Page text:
Sicario/4 Palm Trees
By Eduardo Victoriafirstname.lastname@example.org
Denis Villeneuve’s Sicario doesn’t allow us to be a bystander – if you come at it thinking you can just sit back and enjoy, you’re wrong – it’ll chew you up and spit you out. At the very least, it’s a compelling crime drama with unrelenting tension; what separates it from most films of its ilk however, is the way that Villeneuve and scriptwriter Taylor Sheridan deliver a nuanced take on the hopelessly twisty Mexican drug wars. Like real life, there’s no easy solution to this rampant problem, nor does the film truly provide one.
After a botched raid involving rotting, mutilated corpses and a battering ram, FBI agent Kate Macer (Emily Blunt) comes into contact with a DOD consultant named Matt (Josh Brolin). If Kate will volunteer, he promises to give her a real shot at combatting the Mexican drug wars, which are spilling into her jurisdiction. After hesitantly accepting, Kate is thrust into an exceedingly complex web of deception and brutality, with no clear sign of understanding or even a way out. Clinging to her idealism and true desire to set things right, the by-the-book Kate must learn to survive in a land of wolves.
The view of the story’s central conflict makes Villeneuve’s film fascinating, presenting it as a breathtaking cinematic descent into hell. The deeper we go, the more nightmarish it gets, but never for the sake of shock, instead illustrating the war on drugs as a savage mobius strip that thrives on ordered chaos, supply and demand.
In the hands of any other writer or director, a film like this would go from one action set piece to another. Instead, there’s a weight to everything, with humanity in the balance and poetic contrasts that are dark, yet too urgent to ignore.
In addition to the story’s focused themes, the film still manages to deliver two of the most intense sequences of the year. Without spoiling things, one involves an extended excursion across the border and into Juarez, while another involves thermal photography against the pitch black darkness of night. Villeneuve’s direction is as taught and tight as it gets, utilizing stunning photography from Roger Deakins to get both our minds and hearts racing as his characters face insurmountable odds psychologically as well as physically.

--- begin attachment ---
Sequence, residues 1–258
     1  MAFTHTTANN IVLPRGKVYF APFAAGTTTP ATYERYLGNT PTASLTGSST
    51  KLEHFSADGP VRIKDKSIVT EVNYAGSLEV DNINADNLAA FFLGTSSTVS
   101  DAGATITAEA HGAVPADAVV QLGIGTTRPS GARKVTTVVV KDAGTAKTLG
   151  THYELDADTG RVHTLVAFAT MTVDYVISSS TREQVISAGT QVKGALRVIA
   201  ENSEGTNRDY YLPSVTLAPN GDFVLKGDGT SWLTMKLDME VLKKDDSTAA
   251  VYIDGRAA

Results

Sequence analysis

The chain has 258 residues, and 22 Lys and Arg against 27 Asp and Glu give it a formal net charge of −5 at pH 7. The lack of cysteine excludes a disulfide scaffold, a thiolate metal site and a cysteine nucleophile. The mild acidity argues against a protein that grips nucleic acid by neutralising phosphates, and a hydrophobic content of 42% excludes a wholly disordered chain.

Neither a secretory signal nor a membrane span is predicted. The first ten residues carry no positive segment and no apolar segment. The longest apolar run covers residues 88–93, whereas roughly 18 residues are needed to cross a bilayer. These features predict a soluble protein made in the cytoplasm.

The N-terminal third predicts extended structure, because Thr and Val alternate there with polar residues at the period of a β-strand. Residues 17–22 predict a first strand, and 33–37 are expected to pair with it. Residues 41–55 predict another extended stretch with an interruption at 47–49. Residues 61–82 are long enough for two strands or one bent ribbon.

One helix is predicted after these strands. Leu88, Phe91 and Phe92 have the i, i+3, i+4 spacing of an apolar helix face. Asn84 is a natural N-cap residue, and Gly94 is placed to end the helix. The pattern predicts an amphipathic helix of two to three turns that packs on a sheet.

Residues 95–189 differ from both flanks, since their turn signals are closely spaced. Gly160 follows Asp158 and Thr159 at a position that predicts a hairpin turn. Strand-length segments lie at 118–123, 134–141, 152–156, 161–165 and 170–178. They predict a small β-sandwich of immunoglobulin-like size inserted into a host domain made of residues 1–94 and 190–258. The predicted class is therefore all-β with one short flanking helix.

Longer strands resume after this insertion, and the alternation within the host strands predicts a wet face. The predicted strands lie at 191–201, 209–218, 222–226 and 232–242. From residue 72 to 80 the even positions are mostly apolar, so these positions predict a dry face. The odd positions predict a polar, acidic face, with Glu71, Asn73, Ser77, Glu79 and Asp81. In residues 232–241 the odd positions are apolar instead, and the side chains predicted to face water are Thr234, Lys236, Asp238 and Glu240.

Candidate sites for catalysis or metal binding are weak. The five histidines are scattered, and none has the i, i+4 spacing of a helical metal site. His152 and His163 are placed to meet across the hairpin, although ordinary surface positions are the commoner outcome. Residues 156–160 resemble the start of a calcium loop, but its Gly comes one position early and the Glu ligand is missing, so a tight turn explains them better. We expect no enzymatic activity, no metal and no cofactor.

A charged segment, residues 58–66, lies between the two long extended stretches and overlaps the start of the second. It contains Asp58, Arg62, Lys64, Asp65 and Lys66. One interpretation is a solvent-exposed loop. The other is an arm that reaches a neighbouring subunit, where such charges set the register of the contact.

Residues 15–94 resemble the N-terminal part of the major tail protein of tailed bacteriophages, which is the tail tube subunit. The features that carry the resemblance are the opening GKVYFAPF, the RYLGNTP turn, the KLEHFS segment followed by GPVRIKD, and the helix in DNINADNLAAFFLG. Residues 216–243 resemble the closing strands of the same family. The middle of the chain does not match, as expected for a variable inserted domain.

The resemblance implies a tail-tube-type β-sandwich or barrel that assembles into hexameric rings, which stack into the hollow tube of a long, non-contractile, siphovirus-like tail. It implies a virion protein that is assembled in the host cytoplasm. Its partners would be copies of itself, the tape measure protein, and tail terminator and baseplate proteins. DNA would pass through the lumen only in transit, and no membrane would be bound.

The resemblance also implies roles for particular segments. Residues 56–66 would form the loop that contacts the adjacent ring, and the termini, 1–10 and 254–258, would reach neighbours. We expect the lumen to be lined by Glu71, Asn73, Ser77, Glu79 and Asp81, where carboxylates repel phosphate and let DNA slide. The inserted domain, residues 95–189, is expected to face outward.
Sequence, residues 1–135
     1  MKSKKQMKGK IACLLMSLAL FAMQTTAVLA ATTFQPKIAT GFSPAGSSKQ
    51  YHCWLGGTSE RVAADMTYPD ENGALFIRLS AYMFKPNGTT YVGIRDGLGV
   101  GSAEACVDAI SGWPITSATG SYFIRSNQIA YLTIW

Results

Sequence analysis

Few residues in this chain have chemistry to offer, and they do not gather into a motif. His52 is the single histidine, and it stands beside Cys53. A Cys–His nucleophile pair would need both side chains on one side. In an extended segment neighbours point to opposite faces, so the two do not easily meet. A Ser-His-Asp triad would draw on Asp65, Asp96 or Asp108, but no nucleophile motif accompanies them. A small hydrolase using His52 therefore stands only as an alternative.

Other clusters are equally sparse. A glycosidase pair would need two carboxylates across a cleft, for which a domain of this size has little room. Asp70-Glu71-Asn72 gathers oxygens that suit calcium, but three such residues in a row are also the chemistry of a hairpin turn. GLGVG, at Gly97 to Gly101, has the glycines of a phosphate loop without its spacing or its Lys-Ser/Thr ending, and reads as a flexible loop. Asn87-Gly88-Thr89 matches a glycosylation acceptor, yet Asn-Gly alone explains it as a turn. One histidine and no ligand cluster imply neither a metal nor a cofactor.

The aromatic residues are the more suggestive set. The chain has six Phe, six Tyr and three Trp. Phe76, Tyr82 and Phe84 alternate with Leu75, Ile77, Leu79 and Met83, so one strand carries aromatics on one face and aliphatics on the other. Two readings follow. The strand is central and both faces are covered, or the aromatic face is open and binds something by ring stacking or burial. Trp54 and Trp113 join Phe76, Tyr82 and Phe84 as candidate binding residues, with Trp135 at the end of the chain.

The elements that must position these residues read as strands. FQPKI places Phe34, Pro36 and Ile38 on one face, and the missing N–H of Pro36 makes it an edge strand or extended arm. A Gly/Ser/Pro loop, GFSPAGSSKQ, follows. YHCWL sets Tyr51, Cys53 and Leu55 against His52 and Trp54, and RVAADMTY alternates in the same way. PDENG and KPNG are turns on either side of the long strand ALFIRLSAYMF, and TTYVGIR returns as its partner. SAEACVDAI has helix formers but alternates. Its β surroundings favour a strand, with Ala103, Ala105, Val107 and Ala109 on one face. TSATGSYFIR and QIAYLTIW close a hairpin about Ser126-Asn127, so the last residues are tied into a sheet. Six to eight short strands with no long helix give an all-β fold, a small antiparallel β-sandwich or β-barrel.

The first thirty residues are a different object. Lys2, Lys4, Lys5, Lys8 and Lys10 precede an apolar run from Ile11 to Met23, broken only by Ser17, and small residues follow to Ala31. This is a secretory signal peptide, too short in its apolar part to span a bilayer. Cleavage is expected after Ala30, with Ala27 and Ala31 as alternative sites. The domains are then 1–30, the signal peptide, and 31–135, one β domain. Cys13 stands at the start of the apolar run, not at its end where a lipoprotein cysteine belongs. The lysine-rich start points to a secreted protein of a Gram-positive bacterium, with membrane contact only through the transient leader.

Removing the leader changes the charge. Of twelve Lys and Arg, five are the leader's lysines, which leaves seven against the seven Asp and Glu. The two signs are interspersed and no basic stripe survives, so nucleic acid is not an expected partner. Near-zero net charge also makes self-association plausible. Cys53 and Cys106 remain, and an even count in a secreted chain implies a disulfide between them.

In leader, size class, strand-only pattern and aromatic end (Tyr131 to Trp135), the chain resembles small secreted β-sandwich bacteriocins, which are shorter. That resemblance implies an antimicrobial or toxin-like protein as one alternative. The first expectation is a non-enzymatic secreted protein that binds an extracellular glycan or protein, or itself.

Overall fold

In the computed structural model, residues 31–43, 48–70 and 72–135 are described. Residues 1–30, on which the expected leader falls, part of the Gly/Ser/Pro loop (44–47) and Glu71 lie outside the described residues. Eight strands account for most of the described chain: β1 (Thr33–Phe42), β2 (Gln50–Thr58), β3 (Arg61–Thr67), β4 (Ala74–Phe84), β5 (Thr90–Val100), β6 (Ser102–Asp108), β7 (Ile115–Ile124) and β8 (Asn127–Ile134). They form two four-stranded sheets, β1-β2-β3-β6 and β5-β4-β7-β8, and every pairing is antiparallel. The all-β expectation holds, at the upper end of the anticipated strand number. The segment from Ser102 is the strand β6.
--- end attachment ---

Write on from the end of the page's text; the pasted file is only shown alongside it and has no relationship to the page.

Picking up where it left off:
There are three incredible performances at its core. Emily Blunt as the idealistic Kate Macer plays a modern heroine who must confront her integrity and the impossible reality of her situation. She’s in a tough spot, and Blunt allows the character to be more than just our audience surrogate, but also a relatable cipher that calls us out and makes us complicit in her journey.
She’s far from a cartoony archetype thanks to Blunt’s simultaneous strength and fragility, but also a fierce character clinging on to what she believes is right. Benicio Del Toro gets the second most play in the film as the mysterious, shady Alejandro. This is one of his best performances ever, and he is the personification of what the entire film is about, challenging our allegiances through an ambiguous, primal mix of opposing character traits. Josh Brolin’s Matt, provides a lot of the film’s levity, but it comes with an undeniable dark side. There’s a sinister slant that contrasts with his nonchalance about the entire ordeal that’s a bit creepy and keeps things always on edge.
Simply put, Sicario isn’t just one of the most intense experiences of the entire year, it’s also of one the year’s best, period. Villeneuve’s thriller is on a league of its own, proving that action films can go deeper than empty thrills to explore the consequence and the ideas behind the chaos. My best advice to you: see this and don’t forget to breathe; focused and fully formed on every level, it’s an unforgettable revelation of the human darkness that lies at the fringe of everything we hold dear.
Playing Century Downtown Rated R